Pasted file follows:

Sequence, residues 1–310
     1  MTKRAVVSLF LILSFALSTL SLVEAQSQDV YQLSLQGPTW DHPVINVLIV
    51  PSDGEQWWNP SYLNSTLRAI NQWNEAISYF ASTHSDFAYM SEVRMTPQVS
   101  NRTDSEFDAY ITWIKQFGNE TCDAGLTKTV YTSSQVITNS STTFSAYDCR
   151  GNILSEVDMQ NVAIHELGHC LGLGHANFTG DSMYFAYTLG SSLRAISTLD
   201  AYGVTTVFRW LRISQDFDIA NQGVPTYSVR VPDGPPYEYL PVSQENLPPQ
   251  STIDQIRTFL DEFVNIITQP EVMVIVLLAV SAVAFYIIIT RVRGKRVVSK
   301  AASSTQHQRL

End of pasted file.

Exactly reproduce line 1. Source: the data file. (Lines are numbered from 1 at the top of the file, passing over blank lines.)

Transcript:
Sequence, residues 1–310